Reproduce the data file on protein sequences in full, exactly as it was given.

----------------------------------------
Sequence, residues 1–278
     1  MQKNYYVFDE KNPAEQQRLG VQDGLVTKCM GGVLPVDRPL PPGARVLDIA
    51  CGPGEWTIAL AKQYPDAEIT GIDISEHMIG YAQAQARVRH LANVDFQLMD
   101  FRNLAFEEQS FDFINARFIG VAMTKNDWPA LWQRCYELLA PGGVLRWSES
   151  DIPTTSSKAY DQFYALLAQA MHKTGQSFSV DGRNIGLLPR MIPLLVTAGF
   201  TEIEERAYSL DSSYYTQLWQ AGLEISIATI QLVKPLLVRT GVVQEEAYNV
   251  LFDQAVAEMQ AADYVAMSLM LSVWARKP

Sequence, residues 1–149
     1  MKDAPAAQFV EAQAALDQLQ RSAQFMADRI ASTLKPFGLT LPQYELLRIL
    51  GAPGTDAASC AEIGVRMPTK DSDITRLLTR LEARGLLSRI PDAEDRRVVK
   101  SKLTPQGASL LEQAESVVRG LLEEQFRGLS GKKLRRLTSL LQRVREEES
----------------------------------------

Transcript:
Sequence, residues 1–278
     1  MQKNYYVFDE KNPAEQQRLG VQDGLVTKCM GGVLPVDRPL PPGARVLDIA
    51  CGPGEWTIAL AKQYPDAEIT GIDISEHMIG YAQAQARVRH LANVDFQLMD
   101  FRNLAFEEQS FDFINARFIG VAMTKNDWPA LWQRCYELLA PGGVLRWSES
   151  DIPTTSSKAY DQFYALLAQA MHKTGQSFSV DGRNIGLLPR MIPLLVTAGF
   201  TEIEERAYSL DSSYYTQLWQ AGLEISIATI QLVKPLLVRT GVVQEEAYNV
   251  LFDQAVAEMQ AADYVAMSLM LSVWARKP

Sequence, residues 1–149
     1  MKDAPAAQFV EAQAALDQLQ RSAQFMADRI ASTLKPFGLT LPQYELLRIL
    51  GAPGTDAASC AEIGVRMPTK DSDITRLLTR LEARGLLSRI PDAEDRRVVK
   101  SKLTPQGASL LEQAESVVRG LLEEQFRGLS GKKLRRLTSL LQRVREEES